Foreign investors find Australian almonds a mouth-watering prospect.
Foreign investors are circling Australia’s growing almond industry as a global shortage drives up prices.
Australian almonds have become more appealing as drought ravages California, which produces about 80 per cent of the world’s almonds.
In response, almond prices have risen to a nine-year high of about $US3.45 ($3.70) a pound (about 450 grams).
That has seen the Australian almond industry grow massively. It now accounts for about 7 per cent of global supply and has pipped Spain as the world's second largest producer.
In the past year the Australian crop has risen by almost 50 per cent to 73,361 tonnes and the value of exports has more than doubled to $370 million, according to official data.
PAC Partners agribusiness analyst Paul Jensz said investors that poured money into the Californian industry were beginning to look elsewhere and Australia was ''putting up its hand''.
''America isn’t producing as much almonds as they were. They are down about 10 per cent than they were in record years, and that’s probably going to step down a bit further once this drought has effects in the next couple of years,'' Mr Jensz said.
''It’s just really a rebalancing. Essentially too much money has gone into long-term farming in the Californian basin.''
Mr Jensz said Australian almond farmers could ''quite happily'' double or triple production if they could access ''patient capital''. Indeed, once existing trees that have been planted reach maturity, production will near 90,000 tonnes.
Australian Almond Board chief executive Ross Skinner said many of the bigger orchards were talking to overseas investors to boost production further after global demand started outstripping supply last year.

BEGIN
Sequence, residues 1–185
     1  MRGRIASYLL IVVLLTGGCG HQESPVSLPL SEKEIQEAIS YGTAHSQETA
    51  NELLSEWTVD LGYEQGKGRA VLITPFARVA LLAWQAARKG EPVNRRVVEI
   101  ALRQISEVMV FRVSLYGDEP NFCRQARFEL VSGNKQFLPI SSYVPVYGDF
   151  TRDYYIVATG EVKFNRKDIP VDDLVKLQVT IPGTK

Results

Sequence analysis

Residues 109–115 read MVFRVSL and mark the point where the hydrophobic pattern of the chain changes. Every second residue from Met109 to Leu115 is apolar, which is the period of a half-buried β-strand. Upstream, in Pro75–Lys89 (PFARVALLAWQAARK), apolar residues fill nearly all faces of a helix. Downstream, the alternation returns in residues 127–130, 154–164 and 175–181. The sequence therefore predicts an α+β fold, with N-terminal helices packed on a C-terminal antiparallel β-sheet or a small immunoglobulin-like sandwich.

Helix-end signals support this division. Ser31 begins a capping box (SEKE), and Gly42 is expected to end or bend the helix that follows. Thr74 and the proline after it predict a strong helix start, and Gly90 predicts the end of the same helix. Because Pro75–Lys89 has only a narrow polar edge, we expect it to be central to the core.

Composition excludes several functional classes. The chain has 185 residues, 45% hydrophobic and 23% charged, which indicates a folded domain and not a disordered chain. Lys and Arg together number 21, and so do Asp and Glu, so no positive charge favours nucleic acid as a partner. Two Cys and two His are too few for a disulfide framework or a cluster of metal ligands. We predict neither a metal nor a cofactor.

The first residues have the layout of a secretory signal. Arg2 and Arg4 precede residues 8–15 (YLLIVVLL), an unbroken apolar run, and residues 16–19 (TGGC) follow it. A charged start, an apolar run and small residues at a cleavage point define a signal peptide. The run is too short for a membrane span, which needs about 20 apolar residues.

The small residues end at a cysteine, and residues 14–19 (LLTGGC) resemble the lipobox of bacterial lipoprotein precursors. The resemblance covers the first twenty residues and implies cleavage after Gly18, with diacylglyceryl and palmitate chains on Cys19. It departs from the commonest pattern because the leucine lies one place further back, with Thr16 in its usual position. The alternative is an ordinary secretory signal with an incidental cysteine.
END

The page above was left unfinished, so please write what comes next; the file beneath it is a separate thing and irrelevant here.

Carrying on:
''World demand has gone up by about the size of the Australian industry every year for the past 10 years,'' Mr Skinner said.
''It’s hard to see [supply] increasing dramatically, given the difficulties of water supply in the US.''
Almonds are Australia’s most lucrative horticulture crop, overtaking citrus and table grapes last year when it became the first to earn more than $300 million in exports, mostly to India and the Middle East.
Paul Thompson, managing director of Australia’s biggest listed almond producer Select Harvests, expects production to fall up to 20 per cent this year on last year's crop.
''Preliminary investigations indicate the downturn is most likely caused by the combined impact of wet growing and harvest conditions, insect damage and the extreme temperatures experienced through parts of the growing cycle,'' Mr Thompson said in the company’s latest harvest update to the ASX.
''[But] both local and export demand for the crop remains strong. The average price this season is $8.40 a kilogram, up 28 per cent on average prices achieved by Select Harvests last year.''